Cohen, N.J., Horodezky, N. (1998). Language impairments and psychopathology. Journal of the American Academy of Child and Adolescent Psychiatry, 461-462.

Cohen, N.J., Barwick, M.A., Horodezky, N.B., Vallance, D. D., & Im, N. (1998). Language, achievement, and cognitive processing in psychiatrically disturbed children with previously identified and unsuspected language impairments. Journal of Child Psychology and Psychiatry, 39, 865-877.

Cohen. N.J., Menna, R., Vallance, D.D., Barwick, M.A., Im, N., & Horodezky, N.B. (1998). Language, social cognitive processing, and behavioral characteristics of psychiatrically disturbed children with previously identified and unsuspected language impairments. Journal of Child Psychology and Psychiatry, 39, 853- 864.

Books (listed in chronological order, most recent first):
Cohen, N.J. (2001). Language impairment and psychopathology in infants, children, and adolescents. New York: Sage Publications.

Beitchman, Cohen, N.J., Konstantareas, M. M., & Tannock, R. (1996). Language, learning, behaviour disorders. New York: Cambridge University Press.

Book Chapters (listed in chronological order, most recent first):
Bolter, N., & Cohen, N.J. (2007). Language impairment and psychiatric co-morbidities. In R.L. Russell & M. Simms (Eds.) Special issue of Pediatric Clinics of North America. (Language, Communication, Literacy, Pathologies and Treatments) 54, 525-542.

Cohen, N.J. (2002). Developmental language disorder. In P. Howlin & O. Udwin (Eds.), Outcomes in neurodevelopmental and genetic disorders, (pp.26-55). Cambridge, UK: Cambridge. University Press.

Cohen, N.J. (1996). Psychiatrically disturbed children with unsuspected language impairments: Developmental differences in language and behaviour. In J. Beitchman, N.J. Cohen, M.M. Konstantareas, & R. Tannock (Eds.), Language, learning and behaviour disorders: Emerging perspectives (pp. 105-127). New York: Cambridge University Press.

Literature Review (listed in chronological order, most recent first):
Cohen, N.J., Zadeh, Z., Farnia, F., & Ungerleider, C. (2006). How early can children at risk for problems in reading comprehension be identified, Canadian Language and Literacy Research Network.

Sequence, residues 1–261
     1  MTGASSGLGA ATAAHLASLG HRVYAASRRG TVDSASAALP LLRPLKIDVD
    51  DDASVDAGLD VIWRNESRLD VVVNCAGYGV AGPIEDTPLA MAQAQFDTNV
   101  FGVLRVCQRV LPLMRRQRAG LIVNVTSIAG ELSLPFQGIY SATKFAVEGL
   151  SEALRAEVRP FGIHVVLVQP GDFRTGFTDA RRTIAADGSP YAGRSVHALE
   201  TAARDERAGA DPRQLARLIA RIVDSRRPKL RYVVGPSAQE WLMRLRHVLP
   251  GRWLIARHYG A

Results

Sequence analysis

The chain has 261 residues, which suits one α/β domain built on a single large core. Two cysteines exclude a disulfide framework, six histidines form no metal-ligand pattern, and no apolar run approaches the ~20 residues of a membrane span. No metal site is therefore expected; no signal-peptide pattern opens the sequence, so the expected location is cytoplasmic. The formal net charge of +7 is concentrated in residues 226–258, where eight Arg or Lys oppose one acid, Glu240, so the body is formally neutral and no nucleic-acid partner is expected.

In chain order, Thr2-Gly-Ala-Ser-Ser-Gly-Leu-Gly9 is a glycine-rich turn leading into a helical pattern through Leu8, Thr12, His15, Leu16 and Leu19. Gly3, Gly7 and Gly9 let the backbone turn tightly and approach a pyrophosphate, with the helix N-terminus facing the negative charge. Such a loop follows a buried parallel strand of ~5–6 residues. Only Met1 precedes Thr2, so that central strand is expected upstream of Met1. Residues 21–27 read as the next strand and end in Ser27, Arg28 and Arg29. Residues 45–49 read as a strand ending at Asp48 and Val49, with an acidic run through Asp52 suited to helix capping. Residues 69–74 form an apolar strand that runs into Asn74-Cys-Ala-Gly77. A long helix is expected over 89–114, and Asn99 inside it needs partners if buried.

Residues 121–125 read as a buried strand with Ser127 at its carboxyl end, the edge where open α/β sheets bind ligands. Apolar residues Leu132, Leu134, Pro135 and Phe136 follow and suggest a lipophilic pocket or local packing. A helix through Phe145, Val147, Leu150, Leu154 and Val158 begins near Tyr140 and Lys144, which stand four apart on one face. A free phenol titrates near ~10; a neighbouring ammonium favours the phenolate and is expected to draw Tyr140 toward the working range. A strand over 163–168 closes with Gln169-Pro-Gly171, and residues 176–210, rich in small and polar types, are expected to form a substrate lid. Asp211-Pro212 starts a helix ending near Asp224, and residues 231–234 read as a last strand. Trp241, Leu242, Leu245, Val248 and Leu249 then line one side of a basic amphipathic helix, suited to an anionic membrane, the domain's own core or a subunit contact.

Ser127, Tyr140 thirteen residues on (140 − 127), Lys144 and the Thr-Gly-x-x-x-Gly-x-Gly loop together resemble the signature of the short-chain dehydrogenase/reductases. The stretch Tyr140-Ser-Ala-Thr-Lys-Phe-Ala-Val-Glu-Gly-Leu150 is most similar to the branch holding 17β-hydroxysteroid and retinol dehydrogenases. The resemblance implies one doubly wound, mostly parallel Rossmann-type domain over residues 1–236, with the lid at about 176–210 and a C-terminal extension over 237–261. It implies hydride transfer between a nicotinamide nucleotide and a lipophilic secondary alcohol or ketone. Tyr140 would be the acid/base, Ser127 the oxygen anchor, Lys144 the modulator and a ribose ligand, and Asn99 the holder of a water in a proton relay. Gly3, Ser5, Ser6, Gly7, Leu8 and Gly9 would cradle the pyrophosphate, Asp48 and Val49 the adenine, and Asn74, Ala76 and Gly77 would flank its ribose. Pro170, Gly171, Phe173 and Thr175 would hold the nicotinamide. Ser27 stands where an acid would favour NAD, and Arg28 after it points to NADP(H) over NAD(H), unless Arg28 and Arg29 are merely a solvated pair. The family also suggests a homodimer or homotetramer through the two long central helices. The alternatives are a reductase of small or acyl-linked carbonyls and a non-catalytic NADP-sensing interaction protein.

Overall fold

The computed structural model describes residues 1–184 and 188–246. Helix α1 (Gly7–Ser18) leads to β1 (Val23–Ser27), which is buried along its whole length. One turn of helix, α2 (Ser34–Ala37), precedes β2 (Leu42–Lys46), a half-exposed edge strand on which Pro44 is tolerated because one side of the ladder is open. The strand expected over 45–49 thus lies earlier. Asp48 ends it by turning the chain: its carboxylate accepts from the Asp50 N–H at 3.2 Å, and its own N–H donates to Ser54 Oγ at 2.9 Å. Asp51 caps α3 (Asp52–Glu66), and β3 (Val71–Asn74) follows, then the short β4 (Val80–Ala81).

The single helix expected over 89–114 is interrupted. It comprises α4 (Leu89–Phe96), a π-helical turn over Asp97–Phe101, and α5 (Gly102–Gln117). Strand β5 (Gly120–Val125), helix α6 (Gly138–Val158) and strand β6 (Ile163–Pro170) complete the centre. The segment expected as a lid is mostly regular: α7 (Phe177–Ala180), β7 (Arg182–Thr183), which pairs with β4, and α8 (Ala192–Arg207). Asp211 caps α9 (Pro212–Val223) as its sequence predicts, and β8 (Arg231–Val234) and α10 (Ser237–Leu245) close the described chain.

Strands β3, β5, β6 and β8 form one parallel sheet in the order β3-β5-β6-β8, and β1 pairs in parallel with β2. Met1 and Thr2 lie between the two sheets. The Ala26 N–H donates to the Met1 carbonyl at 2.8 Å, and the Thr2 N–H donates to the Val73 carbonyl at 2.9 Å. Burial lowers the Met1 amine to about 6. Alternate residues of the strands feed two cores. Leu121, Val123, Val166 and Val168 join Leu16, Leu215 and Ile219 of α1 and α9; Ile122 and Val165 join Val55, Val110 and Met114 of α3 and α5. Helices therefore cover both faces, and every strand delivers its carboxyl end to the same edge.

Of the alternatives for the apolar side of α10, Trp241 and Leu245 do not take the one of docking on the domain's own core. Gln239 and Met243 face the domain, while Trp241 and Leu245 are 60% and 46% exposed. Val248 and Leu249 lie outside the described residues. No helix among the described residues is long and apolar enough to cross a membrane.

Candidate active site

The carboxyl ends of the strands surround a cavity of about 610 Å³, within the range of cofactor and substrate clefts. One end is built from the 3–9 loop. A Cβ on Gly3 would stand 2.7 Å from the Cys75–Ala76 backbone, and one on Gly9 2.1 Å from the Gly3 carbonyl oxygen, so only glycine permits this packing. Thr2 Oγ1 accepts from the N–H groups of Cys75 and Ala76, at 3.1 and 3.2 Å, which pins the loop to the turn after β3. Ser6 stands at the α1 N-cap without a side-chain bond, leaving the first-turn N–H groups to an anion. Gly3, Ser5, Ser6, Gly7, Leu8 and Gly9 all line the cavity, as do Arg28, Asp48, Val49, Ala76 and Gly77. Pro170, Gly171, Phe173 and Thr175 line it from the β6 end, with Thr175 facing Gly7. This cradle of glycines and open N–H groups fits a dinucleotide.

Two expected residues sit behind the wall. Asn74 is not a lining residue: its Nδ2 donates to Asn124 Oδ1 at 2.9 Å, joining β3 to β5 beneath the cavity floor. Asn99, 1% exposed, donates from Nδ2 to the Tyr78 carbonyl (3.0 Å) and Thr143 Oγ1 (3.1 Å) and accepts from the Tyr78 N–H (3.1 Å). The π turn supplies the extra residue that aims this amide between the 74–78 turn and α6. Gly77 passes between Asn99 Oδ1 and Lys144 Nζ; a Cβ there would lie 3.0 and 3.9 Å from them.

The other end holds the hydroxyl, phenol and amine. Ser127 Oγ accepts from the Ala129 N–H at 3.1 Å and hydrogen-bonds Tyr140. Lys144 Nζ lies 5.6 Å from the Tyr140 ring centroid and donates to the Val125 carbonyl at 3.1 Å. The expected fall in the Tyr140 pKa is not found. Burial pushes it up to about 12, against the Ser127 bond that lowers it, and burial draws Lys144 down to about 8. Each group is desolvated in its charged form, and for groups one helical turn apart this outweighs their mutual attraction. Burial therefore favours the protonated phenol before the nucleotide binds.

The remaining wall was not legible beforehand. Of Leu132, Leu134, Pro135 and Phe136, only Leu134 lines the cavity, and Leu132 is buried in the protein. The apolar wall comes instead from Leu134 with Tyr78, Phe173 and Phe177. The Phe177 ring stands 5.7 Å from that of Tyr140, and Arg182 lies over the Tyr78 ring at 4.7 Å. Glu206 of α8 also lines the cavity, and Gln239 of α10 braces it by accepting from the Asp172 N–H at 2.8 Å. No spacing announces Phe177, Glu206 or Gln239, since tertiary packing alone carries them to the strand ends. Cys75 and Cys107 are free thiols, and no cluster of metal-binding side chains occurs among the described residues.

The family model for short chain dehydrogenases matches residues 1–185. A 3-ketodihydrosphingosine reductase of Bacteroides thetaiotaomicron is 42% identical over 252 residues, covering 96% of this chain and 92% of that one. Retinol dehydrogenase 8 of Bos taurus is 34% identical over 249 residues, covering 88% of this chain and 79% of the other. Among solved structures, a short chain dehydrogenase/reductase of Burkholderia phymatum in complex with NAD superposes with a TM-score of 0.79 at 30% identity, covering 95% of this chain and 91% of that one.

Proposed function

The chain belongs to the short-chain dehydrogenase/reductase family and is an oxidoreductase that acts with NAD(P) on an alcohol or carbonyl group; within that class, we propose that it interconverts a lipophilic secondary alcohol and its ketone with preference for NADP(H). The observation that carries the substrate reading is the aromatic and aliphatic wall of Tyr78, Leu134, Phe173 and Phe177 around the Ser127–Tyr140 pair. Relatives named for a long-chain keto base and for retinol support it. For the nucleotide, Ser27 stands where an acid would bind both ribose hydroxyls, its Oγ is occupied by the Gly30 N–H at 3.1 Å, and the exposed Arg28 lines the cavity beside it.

Research Summaries/Brochures:
Barwick, M., Cohen, N.J., Horodezky, N.B., & Lojkasek, M. (February, 1999). Linking Babies’Attachment Relationships with Emerging Communication and Language Skills.

Cohen, N.J., Barwick, M.A., Horodezky, N., Im, N., Isaacson, L., Menna, R., & Vallance, D. (March, 1997). Making the Connection: Language, Learning, and Social Behaviour of Children Referred to Mental Health Clinics.

ADOPTION


Journal Articles (listed in chronological order, most recent first):
Cohen, N.J., Lojkasek, M., Yaghoub Zadeh, Z., Pugliese, M., & Kiefer, H., (2008). Children Adopted from China: A longitudinal study of their growth and development. Journal of Child Psychology and Psychiatry, 49, 458- 468.

Cohen, N.J., Coyne, J.C., & Duvall, J.D. (1996). Parents' sense of "entitlement" in adoptive and nonadoptive families, Family Process, 35, 441-456.

Cohen, N.J., Coyne, J.C., & Duvall, J. (1993). Adopted and biological children in the clinic: Family, parental and child characteristics, Journal of Child Psychology and Psychiatry, 34, 545-562.

Book Chapters (listed in chronological order, most recent first):
Cohen, N.J. (2008). Adoption: In M. Rutter et al. (Eds.), Child and Adolescent Psychiatry: Modern Approaches, (pp.502-518). Oxford, UK: Blackwell Science.

Im-Bolter, N. & Cohen, N.J. (2007). Language impairment and psychiatric comorbidity. In R.L. Russell & M. Simms (Eds.) Special issue of Pediatric Clinics of North America. (Language, Communication, Literacy, Pathologies and Treatments) 54, 525-542.

Cohen, N.J. (2002). Adoption. Contemporary trends in adoption policy and practice. In M. Rutter et al.(Eds.), Child and Adolescent Psychiatry: Modern approaches, ( 373-381). Oxford, UK: Blackwell Science.

Research Summaries/Brochures (listed in chronological order, most recent first):
Cohen, N.J., Lojkasek, M., Zadeh, Z., Farnia, F., Pugliese, M., & Kiefer, H. (October, 2007). Children Adopted from China: A study of the health, growth, and development.